Python (4/5) – I’m into the weird, unexplained connections of cinema, how stylish, unpredictable visual clues give away even deeper ones, and this Lativian film is about as off-kilter as they come. It features a nasty school teacher, a lost snake, a lost monkey and a piece of doody in the attic (stay with me here). Features long, unbroken takes where the silent images are just as amusing as the outlandish comedy sequences; it reminded me a bit of the everlasting images in “Songs from the Second Floor”, the Swedish masterpiece where the entire world was coming apart at the seams. “Python” is just about as weird and kooky.
Rosy-Fingered Dawn: A Film on Terrence Malick (3/5) – Terrence Malick is a force to be reckoned with, so it’s no surprise that a documentary has come out about him, although Malick is never seen or heard from in any sorts. Rather, this Italian documentary features numerous participants from Malick’s actors and crew members as they discuss the controversial work of the auteur behind “Badlands”, “Days of Heaven” and “The Thin Red Line”, his only three films in a thirty year resume. (Malick is coming out with his latest, the partially 70mm-filmed “The New World” later in 2005) The film is not always successful; inter-cutting between interviews and black and white/color imagery to support what the actors are discussing tends to drag after a while. Hopefully a future document on Malick will delve further into the recluse of his mind. Somebody has to have home footage of him somewhere.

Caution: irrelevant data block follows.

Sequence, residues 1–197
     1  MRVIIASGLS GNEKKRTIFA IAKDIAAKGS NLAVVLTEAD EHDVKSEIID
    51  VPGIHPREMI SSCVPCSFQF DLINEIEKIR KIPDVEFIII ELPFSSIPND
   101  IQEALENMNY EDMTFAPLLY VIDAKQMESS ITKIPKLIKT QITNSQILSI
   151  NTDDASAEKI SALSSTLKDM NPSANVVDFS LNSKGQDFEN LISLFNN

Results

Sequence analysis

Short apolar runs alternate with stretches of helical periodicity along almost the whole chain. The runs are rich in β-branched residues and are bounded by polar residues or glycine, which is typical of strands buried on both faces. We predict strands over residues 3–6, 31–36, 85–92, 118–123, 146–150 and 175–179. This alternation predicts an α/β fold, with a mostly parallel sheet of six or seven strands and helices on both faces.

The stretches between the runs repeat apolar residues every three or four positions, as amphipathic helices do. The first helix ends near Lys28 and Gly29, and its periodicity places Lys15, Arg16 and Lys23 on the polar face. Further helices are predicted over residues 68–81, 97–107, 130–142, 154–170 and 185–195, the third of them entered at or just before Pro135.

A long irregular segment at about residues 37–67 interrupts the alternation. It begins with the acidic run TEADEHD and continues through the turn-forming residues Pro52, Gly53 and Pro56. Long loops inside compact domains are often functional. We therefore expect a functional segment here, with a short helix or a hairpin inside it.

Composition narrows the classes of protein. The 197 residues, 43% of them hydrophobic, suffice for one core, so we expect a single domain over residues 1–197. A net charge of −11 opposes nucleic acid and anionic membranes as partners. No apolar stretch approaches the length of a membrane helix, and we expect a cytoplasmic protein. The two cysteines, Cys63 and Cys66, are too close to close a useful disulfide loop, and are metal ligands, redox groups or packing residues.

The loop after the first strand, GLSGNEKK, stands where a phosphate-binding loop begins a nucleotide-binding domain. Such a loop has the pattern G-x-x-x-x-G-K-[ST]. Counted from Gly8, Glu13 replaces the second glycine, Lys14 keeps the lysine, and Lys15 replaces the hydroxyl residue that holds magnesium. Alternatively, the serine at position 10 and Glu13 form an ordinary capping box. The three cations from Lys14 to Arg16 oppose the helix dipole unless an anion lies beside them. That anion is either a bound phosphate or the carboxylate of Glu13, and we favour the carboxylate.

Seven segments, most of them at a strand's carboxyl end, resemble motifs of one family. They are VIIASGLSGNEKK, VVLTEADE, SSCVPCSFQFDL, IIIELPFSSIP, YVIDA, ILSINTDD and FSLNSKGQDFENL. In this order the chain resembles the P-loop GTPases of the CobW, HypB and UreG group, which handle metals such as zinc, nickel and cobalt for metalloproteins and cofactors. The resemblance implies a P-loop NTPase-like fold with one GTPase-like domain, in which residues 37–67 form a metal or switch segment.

Scaredsacred (3/5) – Velcrow Ripper’s documentary about visiting particular disaster “Ground Zeroes” is a fascinating idea and should have provided a fascinating look into cultures shocked, but Ripper’s dull approach, which includes lazy narration and redundant visit sequences, bogs down the overall experience. Just when you think the film has made its point and is nearing the credits, we get another reel of another visit in the exact same passion. I give Mr. Ripper definite credit for an amazing idea and having the energy to spend all of this time on a very personal journey, but the overall experience fails to challenge the viewer.